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What Is Additive Manufacturing?

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  • Written By: Jean Marie Asta
  • Edited By: Jessica Seminara
  • Last Modified Date: 13 November 2016
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Additive manufacturing, sometimes abbreviated as AM, is a process that involves production of parts through successive additions of layers, which is the opposite of traditional subtractive manufacturing, where parts and pieces are removed during construction of a product. There are different ways that the additive manufacturing process is carried out, and an increasingly popular method is 3D printing. Another method includes melting successive layers of materials to create a product. The main benefit of additive manufacturing is that it can create geometrically complex shapes without wasting excess material. Another benefit of the process is that it does not require many tools and is a very cost effective process of manufacturing.

This type of manufacturing is energy efficient as well as environmentally friendly. The materials that are used, especially in 3D printing, end up creating lightweight designs of certain end products. Using additive manufacturing, there is a reduction in physical tools and increased emphasis on spatial design programs that allow engineers more freedom in ideas to design and create certain products without the restraints of traditional machining. There is also the benefit of a reduction in separate parts of a whole product. The technique can even go as far as personalizing certain items for individuals, such as medical devices or clothing.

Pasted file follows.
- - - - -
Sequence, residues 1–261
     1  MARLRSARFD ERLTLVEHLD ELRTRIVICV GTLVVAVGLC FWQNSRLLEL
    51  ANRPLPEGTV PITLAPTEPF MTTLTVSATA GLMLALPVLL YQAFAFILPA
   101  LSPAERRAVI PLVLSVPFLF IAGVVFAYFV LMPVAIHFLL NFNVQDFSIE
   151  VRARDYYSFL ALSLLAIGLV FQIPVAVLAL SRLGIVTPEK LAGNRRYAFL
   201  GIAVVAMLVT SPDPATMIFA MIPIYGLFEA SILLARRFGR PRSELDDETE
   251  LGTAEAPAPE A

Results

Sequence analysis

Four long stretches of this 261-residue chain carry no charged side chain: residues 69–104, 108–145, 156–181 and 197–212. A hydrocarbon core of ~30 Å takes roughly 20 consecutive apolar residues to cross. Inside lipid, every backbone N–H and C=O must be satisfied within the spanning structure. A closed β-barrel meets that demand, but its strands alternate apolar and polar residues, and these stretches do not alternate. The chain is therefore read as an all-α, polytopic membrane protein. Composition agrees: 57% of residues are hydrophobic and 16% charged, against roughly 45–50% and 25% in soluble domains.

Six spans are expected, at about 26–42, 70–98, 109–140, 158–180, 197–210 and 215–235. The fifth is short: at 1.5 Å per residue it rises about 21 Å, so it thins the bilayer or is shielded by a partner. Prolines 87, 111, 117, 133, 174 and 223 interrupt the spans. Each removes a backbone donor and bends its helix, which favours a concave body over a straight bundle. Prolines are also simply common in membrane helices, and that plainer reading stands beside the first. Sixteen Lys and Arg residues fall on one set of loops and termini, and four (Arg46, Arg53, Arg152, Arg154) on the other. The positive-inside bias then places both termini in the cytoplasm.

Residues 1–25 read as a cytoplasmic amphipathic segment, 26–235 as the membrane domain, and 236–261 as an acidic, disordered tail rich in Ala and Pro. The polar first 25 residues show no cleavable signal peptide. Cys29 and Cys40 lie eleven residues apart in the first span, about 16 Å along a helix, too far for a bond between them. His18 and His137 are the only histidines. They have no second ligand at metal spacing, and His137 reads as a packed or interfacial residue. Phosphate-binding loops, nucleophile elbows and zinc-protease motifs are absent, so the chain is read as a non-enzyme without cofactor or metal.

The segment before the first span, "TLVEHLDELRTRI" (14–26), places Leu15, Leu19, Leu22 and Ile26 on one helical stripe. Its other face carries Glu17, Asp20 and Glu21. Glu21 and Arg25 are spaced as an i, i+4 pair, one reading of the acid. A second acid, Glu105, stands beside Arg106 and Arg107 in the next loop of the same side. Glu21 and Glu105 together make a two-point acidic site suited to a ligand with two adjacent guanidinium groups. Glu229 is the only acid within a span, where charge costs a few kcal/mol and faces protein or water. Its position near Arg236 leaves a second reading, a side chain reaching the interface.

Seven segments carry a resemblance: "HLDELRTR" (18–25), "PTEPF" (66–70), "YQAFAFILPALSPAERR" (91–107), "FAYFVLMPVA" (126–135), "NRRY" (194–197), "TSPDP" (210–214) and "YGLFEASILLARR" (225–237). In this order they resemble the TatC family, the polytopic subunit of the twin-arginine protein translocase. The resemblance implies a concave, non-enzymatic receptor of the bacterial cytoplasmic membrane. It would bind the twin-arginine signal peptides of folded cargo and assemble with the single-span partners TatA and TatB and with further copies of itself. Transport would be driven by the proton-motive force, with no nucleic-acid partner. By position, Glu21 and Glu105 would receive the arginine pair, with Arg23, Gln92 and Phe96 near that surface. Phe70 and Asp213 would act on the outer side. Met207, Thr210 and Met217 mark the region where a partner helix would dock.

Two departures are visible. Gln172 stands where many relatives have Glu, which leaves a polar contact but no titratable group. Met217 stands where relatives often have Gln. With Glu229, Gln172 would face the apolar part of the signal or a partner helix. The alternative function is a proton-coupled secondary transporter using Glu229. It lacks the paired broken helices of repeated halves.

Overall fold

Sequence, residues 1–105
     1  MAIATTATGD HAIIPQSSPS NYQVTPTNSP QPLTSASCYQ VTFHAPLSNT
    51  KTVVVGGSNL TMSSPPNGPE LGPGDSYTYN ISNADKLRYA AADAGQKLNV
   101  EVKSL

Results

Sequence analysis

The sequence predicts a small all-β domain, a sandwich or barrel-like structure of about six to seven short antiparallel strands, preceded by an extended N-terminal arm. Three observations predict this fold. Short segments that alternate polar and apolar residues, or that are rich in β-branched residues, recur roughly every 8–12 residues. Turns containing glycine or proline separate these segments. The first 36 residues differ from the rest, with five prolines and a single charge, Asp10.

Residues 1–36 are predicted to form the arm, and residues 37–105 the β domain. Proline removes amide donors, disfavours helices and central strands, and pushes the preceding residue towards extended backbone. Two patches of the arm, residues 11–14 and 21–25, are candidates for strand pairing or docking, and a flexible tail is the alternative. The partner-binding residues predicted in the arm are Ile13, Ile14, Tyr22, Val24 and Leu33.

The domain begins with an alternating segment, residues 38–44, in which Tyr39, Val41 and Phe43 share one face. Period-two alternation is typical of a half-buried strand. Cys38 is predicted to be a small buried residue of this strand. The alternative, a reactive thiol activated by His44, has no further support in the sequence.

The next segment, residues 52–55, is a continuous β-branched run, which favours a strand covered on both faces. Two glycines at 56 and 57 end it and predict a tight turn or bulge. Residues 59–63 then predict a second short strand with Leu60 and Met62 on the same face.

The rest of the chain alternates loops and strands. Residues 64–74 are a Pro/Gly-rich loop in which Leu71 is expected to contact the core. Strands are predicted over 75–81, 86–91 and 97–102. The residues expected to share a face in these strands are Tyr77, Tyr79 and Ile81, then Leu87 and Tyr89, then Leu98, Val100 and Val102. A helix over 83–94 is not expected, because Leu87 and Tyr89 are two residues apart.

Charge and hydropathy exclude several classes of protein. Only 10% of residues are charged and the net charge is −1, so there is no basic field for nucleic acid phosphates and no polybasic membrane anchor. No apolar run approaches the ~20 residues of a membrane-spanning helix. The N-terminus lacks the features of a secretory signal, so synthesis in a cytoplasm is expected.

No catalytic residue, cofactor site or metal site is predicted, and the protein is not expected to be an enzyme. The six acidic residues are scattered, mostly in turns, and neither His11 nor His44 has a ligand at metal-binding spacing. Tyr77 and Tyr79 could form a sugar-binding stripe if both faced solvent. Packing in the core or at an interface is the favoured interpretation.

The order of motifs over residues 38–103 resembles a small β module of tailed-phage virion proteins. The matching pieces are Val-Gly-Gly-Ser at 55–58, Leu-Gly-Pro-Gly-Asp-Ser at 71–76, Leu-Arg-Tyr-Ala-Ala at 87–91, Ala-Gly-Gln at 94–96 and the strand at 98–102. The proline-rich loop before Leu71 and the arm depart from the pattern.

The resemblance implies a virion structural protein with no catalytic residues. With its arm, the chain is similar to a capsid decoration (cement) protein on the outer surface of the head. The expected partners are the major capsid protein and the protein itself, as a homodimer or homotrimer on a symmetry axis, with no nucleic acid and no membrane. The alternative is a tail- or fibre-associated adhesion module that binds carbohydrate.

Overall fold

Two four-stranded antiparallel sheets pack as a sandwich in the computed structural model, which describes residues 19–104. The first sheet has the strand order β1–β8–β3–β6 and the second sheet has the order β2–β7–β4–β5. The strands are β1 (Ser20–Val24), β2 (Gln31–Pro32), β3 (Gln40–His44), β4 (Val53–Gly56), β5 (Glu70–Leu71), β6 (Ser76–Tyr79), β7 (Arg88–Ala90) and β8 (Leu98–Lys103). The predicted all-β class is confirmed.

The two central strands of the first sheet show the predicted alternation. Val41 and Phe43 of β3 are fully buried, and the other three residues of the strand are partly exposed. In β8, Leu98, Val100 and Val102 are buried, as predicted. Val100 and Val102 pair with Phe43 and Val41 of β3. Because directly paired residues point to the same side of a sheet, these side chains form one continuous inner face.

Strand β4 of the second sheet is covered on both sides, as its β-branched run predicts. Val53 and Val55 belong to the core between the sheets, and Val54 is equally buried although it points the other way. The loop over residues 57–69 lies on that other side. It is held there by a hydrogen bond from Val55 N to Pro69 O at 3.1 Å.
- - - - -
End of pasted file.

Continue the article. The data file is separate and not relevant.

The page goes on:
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In additive manufacturing, a computer program is used to create a 3D model of an item, and then separate the image into thin layers. The models can be based on previous items or products that were actually physically sliced to examine the inner workings and fine details. This process allows the computer program to replicate those details and even manipulate them for improvement. By manipulating the details, this additive manufacturing technique allows for the creation of smoothly running items, synchronized parts, and better functioning. Its cost effectiveness also makes this kind of manufacturing beneficial for creating prototypes of certain items.

One of the most famous examples of a 3D printing product is a lightweight, hybrid car made in the United States in 2010 with the collaboration of several manufacturing and engineering groups. The body of the small car, as well as the glass and panels that are part of it, were all created using additive manufacturing. Fused deposition modeling (FDM) was used as its printing method by the company that produced it. Its lightweight design makes the car efficient in gas use, and it was designed with the environment in mind. As an example of how fuel efficient the tiny car is, it only costs two cents for every mile traveled.

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